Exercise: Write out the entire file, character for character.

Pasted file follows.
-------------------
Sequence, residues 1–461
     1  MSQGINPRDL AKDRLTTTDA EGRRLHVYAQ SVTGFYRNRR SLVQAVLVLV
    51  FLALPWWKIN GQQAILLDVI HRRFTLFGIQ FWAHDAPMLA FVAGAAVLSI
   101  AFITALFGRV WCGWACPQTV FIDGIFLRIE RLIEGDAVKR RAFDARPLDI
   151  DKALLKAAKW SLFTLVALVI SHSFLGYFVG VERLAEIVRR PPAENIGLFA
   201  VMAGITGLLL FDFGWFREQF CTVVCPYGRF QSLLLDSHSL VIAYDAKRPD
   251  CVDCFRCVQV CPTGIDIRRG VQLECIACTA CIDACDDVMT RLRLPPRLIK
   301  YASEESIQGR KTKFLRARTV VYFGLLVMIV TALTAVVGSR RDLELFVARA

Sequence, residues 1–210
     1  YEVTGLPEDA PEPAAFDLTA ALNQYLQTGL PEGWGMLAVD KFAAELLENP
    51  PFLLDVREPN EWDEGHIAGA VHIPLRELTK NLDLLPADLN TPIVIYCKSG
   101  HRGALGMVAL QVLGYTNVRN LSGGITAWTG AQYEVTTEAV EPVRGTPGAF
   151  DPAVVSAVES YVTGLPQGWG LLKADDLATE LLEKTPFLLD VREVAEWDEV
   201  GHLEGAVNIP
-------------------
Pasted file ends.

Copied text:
Sequence, residues 1–461
     1  MSQGINPRDL AKDRLTTTDA EGRRLHVYAQ SVTGFYRNRR SLVQAVLVLV
    51  FLALPWWKIN GQQAILLDVI HRRFTLFGIQ FWAHDAPMLA FVAGAAVLSI
   101  AFITALFGRV WCGWACPQTV FIDGIFLRIE RLIEGDAVKR RAFDARPLDI
   151  DKALLKAAKW SLFTLVALVI SHSFLGYFVG VERLAEIVRR PPAENIGLFA
   201  VMAGITGLLL FDFGWFREQF CTVVCPYGRF QSLLLDSHSL VIAYDAKRPD
   251  CVDCFRCVQV CPTGIDIRRG VQLECIACTA CIDACDDVMT RLRLPPRLIK
   301  YASEESIQGR KTKFLRARTV VYFGLLVMIV TALTAVVGSR RDLELFVARA

Sequence, residues 1–210
     1  YEVTGLPEDA PEPAAFDLTA ALNQYLQTGL PEGWGMLAVD KFAAELLENP
    51  PFLLDVREPN EWDEGHIAGA VHIPLRELTK NLDLLPADLN TPIVIYCKSG
   101  HRGALGMVAL QVLGYTNVRN LSGGITAWTG AQYEVTTEAV EPVRGTPGAF
   151  DPAVVSAVES YVTGLPQGWG LLKADDLATE LLEKTPFLLD VREVAEWDEV
   201  GHLEGAVNIP